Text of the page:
When planning E-therapy implementation, it is important to acknowledge the distinctionbetween forms of communication, so that clients’ needs can be readily addressed. Forexample, practitioners serving significant numbers of persons in crisis should consider the useof synchronous forms of communication, as a delayed response might place distressed clientsin danger (Yager, 2002). However, as most service providers address an array of clientchallenges, having the capacity to use both synchronous and asynchronous forms ofcommunication may be most appropriate (Maheu, et al., 2005; Stofle, 2004).When is the Use of E-Therapy Appropriate?E-therapy has the potential to be utilized throughout the continuum of care, for a variety ofconditions. In particular, online counseling may be appropriate for psychoeducationalpurposes, issues requiring short-term treatment, self-help interventions, and cognitivebehavioralapproaches (Mallen and Vogel, 2005). Also, persons who have endured trauma andare contending with feelings of anxiety, guilt, fear and shame as a result, are good candidatesfor E-therapy (J. Hoffmann, personal communication, Aug. 28, 2006; G. Stofle, personalcommunication, Aug. 28, 2006).In addition, experts have identified specific groups of people for whom E-therapy may besuitable (e.g., International Society for Mental Health Online [ISMHO] Clinical Study Group,2002; Mallen and Vogel, 2005; J. Shore, personal communication, Aug. 28, 2006; Stofle,2004). For example, persons located in remote areas (e.g., rural, American Indian/AlaskaNative territories) may benefit greatly from the flexibility of services delivered electronically(Brown, 1998; Gibson, Morley, and Romeo-Wolff., 2002). Other underserved populations,including ethnic and racial minorities, women with children, and people from low-incomefamilies may also experience improved access to substance abuse treatment services (Y. Choi,personal communication, Aug. 28, 2006). Adolescents and young adults have also beenidentified as a population that has the potential to benefit from E-therapy (Skinner, Biscope,Poland, and Goldberg, 2003). An added advantage of this group is their familiarity withcomputers and the Internet and their willingness to utilize technology in new ways (Skinner, etal., 2003; J. Wodarsky, personal communication, Aug. 28, 2006). However, according toStofle (2001), populations inappropriate for online counseling include those with suicidality;borderline personality disorders, difficulty distinguishing reality from nonreality, or conditionsthat require face-to-face meetings for diagnosis (ISMHO, 2002).How Can Treatment Providers Use E-Therapy?An additional benefit of E-therapy is its versatility in terms of service delivery. E-therapy canbe used to provide education, assessment and diagnosis, direct treatment, and aftercareservices. In addition, providers can give and receive training and supervision using electronicforms of communication (Maheu, et al., 2005; Stofle, 2004). Each of the aforementioned usesis discussed in further detail below.ReferralsPersons seeking treatment for substance abuse can obtain referrals via the Internet, e-mail, ortelephone from credible resources (Maheu, et al., 2005; Stofle, 2004). A number of web-baseddirectories, often maintained by insurance companies and service providers, give prospectiveclients practitioner information about available services, treatment specialties, types ofinsurance accepted, and location (Maheu, et al., 2005). Many of these websites are availablefor providers to advertise for a fee. However, fraudulent websites have been identified.Therefore, practitioners should thoroughly investigate any website before posting informationand/or remitting payment (Maheu, et al., 2005). In addition, service providers must be awarethat confirming the identity of a client referred electronically might be difficult. Additional5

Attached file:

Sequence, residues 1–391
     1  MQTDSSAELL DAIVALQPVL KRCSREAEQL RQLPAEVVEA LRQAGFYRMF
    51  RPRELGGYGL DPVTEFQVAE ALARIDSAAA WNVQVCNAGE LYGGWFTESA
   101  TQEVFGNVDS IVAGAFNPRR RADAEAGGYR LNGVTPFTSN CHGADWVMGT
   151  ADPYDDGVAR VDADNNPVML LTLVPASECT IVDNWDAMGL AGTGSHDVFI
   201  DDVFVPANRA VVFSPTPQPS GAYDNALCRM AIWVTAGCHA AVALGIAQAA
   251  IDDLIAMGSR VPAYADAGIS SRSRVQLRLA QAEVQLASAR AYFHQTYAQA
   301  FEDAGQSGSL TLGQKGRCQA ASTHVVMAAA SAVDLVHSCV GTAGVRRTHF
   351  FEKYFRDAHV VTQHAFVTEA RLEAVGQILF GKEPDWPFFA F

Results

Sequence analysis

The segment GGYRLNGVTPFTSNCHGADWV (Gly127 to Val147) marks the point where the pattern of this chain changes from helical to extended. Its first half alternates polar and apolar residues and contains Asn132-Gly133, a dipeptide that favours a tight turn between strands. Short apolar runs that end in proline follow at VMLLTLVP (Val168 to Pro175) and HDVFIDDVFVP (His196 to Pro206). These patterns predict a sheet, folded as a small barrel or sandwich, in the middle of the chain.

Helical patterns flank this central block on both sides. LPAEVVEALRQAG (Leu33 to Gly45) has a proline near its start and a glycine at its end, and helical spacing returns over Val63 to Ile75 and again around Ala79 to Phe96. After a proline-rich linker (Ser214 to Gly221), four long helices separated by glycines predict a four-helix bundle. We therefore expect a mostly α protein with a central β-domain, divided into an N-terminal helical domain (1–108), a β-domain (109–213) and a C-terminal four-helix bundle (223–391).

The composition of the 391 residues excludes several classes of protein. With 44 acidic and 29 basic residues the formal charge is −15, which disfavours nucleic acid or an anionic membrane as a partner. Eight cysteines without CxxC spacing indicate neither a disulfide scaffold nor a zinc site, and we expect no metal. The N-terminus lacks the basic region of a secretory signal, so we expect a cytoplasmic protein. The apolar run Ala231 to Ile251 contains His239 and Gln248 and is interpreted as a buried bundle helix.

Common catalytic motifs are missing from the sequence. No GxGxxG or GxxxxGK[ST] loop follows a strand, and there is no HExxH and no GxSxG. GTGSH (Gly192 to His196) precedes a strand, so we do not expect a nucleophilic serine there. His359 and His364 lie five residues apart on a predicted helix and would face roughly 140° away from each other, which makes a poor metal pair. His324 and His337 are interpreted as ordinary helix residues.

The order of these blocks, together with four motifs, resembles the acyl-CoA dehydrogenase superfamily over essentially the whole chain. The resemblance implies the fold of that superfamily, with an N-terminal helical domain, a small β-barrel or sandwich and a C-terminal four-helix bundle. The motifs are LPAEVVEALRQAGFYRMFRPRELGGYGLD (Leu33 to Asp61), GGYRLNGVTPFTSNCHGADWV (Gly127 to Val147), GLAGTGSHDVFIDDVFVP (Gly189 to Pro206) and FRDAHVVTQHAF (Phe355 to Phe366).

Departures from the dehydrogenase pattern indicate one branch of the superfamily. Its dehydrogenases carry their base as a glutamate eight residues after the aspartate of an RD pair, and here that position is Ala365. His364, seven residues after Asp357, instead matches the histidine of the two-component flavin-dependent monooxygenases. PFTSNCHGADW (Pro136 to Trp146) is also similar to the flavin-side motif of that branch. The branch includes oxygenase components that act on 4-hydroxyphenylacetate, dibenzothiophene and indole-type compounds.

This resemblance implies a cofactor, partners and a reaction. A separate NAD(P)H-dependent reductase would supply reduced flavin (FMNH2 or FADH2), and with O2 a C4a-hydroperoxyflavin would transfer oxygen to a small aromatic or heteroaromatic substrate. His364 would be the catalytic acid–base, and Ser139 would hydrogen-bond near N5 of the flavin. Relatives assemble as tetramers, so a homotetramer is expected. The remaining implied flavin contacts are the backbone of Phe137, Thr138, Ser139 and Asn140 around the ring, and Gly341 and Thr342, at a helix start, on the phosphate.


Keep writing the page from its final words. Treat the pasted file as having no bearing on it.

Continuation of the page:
considerations related to confidentiality and identity confirmation are discussed further in the“Legal and Regulatory Issues” section of this document.EducationThe Internet has served as a source of information and education for a number of healthrelatedissues through scientific journal articles available online, websites (e.g., WebMD,CyberDocs, and Metanoia), and listservs (Maheu, et al., 2005; Yager, 2002). Practitioners canalso use the Internet to help clients feel more comfortable with technology, inform them of thetreatment process, and assuage their anxiety about undergoing therapy. In addition, serviceproviders can develop client education programs that are accessible via the World Wide Web.These programs can provide ongoing support, information, and treatment via the Internet. Forexample, Federal agencies, in their efforts to support substance abuse treatment efforts incommunities, have developed several websites that target specific age groups. Specifically, theNational Institute on Drug Abuse (NIDA) has developed a website to educate adolescents ages11 through 15 years about scientific factors associated with drug abuse (seehttp://teens.drugabuse.gov/about.asp). Similarly, the National Institute on Alcohol Abuse andAlcoholism (NIAAA) has developed a series of interactive, Internet-based tools for collegestudents to inform them of the dangers of alcohol use (seehttp://collegedrinkingprevention.gov). However, it should be noted that these programs shouldbe immediately followed by treatment if necessary to prolong the effects of the informationprovided (Maheu, et al., 2005). Additionally, GetFit.SAMHSA.Gov (seehttp://getfit.samhsa.gov/) is an interactive website that provides information about physicalhealth, mental health, alcohol and illicit drugs.Assessment and DiagnosisThe Internet may also play a role in assessment and diagnosis. Several web-based screeningtools are available for clients to assess their substance use. Many of these sites providefeedback and treatment resources for those who need assistance after taking an assessment(Copeland and Martin, 2004; Stofle, 2004). In addition, web-based questionnaires can be usedto assess clients both before and during treatment (Maheu, et al., 2005). This practiceestablishes a baseline measure of the client’s condition and ongoing measurement of progress.Moreover, some studies suggest that psychological self-assessments conducted via the Internetare comparable to paper-and-pencil assessments (Vallejo, Jordán, Diáz, Comeche, and Ortega,2007). However, as practitioners are commonly trained to incorporate observed nonverbalcues into their assessment and diagnosis, some experts (e.g., see Fenichel, 2000) argue thatdiagnosis is difficult without visual, olfactory, and aural cues to assist with the process.Grohol (cited in Ragusea and VandeCreek, 2003) argues that diagnosis is simply impossibleonline. Unfortunately, the ability to observe certain cues is not possible when administering aquestionnaire via the Internet. There is some evidence to suggest that videoconferencing mayalleviate some of the concern around the inability to fully view the client, but the findings aresomewhat inconclusive to date (Elleven and Allen, 2004). For this reason, many experts agreethat an initial in-person meeting should be held for assessment purposes and to determine theappropriateness of E-therapy for the client’s condition (Alleman, 2002; Stofle, 2004).Direct CareSubstance abuse treatment may also be provided via E-therapy for clients deemed appropriatefor service delivery in this fashion. A number of providers in private practice offer treatment,most often via e-mail or chat rooms as the method of delivery (Stofle, 2004). In addition,chemical dependency treatment programs are available online. Many of these programs, suchas eGetgoing (www.egetgoing.com), provide Internet-based services, and are recognized by6